Analysts want govt assets in equity market as CBN eyes international financial centre

FINANCIAL experts have urged the Central Bank to work towards enlisting the government’s corporate assets into the equity market as the bank plans to establish an international financial centre.

They say that it is important for the government to live by example as it plans to make Nigeria an international financial hub, seeking to promote a thriving market by catalysing the money market through local and international banks.

The international financial centres (IFCs) such as London and New York support economic success of their respective countries  by providing investors with secure platforms for structuring and domiciling collective funds.

Kenya, South Africa, and Brazil are some emerging markets that are globally recognised as international financial centres.

“Africa’s largest economy should not just announce its plans on this, let it prepare the ground through enlisting the government’s corporate assets into equity markets while also liberalising its real estate portfolio,” Economist and Chief Executive Officer of Economic Associates Ayo Teriba told The ICIR.

“A thriving global financial centre will accommodate both public and private bonds. However, in Nigeria’s debt market today, government’s debt dominates.

“It would be good to move Nigeria Railway Corporation and the Nigerian National Petroleum Corporation (NNPC) into the equity market as the CBN plans this international financial hub,” he said.

The Central Bank Governor Godwin Emefiele, on Tuesday at the 14th annual Banking and Financing Conference, announced that within the next 12 months, it would establish  an international financial centre in the country.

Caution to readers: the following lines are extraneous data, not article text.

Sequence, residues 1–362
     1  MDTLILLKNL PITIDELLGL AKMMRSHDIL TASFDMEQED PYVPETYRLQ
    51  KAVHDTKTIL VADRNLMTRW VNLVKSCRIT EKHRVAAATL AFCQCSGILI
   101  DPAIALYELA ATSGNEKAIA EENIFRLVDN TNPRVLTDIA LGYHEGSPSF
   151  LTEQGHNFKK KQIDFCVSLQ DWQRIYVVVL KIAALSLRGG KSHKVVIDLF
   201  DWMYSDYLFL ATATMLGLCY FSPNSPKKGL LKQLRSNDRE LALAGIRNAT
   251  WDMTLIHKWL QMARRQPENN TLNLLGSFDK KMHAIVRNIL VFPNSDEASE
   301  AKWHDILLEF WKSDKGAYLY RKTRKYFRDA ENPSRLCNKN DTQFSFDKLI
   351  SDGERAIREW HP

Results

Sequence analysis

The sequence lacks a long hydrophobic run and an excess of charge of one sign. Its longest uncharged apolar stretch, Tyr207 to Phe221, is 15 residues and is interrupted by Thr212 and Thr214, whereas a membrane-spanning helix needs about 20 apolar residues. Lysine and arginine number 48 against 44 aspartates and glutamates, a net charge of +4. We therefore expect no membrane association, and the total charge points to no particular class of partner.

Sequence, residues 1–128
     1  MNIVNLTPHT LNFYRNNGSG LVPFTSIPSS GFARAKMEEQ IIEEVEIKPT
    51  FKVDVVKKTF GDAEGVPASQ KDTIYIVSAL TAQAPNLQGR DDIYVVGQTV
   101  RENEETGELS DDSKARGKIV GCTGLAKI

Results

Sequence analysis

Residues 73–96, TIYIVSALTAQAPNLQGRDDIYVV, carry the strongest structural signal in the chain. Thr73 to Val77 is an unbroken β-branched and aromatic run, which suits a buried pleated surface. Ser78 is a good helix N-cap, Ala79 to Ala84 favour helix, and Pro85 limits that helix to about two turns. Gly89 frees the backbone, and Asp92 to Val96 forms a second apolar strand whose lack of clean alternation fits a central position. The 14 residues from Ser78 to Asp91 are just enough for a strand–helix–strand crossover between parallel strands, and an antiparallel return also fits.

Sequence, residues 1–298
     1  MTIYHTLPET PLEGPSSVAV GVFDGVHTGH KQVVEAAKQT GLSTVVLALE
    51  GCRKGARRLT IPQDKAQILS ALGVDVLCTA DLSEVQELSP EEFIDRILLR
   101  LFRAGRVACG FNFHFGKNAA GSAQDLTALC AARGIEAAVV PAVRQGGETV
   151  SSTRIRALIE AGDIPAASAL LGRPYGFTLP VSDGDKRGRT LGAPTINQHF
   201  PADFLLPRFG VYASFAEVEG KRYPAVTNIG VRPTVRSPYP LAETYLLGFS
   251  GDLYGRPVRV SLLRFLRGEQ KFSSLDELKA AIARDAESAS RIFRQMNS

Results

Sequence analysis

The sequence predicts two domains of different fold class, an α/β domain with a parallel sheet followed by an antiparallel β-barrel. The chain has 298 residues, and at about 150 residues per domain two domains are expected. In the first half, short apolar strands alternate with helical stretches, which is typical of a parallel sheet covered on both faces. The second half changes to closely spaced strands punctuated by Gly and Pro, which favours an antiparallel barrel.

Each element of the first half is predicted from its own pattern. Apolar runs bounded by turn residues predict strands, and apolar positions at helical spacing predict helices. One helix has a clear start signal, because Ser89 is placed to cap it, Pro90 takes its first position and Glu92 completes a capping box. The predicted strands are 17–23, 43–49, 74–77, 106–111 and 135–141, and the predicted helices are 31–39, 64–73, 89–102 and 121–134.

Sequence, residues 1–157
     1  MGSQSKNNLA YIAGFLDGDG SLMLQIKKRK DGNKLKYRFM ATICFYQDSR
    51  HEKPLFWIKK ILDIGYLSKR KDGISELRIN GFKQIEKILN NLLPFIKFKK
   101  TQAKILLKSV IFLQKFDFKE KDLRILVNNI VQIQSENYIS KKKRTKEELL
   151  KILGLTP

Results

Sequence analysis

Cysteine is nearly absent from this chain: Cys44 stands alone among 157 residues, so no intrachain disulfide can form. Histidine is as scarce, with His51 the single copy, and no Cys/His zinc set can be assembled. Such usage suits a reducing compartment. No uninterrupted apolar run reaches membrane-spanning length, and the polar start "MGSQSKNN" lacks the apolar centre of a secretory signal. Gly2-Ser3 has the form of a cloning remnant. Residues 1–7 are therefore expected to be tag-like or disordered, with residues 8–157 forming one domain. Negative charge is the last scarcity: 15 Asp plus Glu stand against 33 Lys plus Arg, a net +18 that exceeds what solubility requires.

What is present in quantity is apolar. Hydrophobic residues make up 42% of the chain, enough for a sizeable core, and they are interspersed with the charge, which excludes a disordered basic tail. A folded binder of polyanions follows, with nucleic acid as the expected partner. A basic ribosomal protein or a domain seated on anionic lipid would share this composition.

He noted that Nigeria was set to join a very small elite group of countries operating  international financial hubs.

The apex bank governor said the centre would officially take off on September 2022 when the bank would establish the Nigerian International Financial Centre (NIFC).

He noted that the NIFC would act as an international gateway for capital and investments, driven by technology and payment system infrastructure.

According to Emefiele, the NFIC would take advantage of the existing laws such as BOFIA 2020, NEPZA  and other CBN regulations to create a fully global investment and a financial hub where monies, ideas, technology would move freely without hindrance.

The new financial hub, he said, would curate local and international banks to make them global champions.



    The NIFC will be a 24-7 financial centre that will complement London, New York and Singapore financial centres and enable an acceleration of Nigeria’s homegrown initiatives, he further said.

    The NIFC will complement such initiatives as the IntraCorp.plc, the NI5 trillion infrastructure fund which will be launched in October 2021, the National Theatre creative hubs for youths as well as the E-naira project which will also debut in October 2021.

    Chief Executive Officer of Cowry Assets Investment and Economist Johnson Chukwu said the initiative was good and would promote the money market and expand Nigeria’s financial participation through the market.

    “This kind of participation would enhance financial inclusion and expand opportunities for FX supply,” he said.

    Meanwhile, a publication from revealed that the flow of international capital into economy would intensify with its commitment to international financial centres.
    The research says that the financial markets are getting deeper with the enhanced capital inflow. The deepening of financial markets reduces the vulnerabilities of the economy in the face of evident capital outflows, it says.
    International financial centres (IFC), also provides investors with some opportunities, namely low transaction costs, low risks and easy access to the capital.
    Qualified labour force, political stability and income potential are the other apparent characteristics of the financial centres.
    They also provide investors with secure platforms for structuring and domiciling collective
    funds for developing countries, experts say.
    “It is also a catalyst for development and economic growth for a country like Nigeria. Funds will be mobilised for the economy through the centre,” said Market Analyst Ike Ibeabuchi.

    Harrison Edeh is a journalist with the International Centre for Investigative Reporting, always determined to drive advocacy for good governance through holding public officials and businesses accountable.

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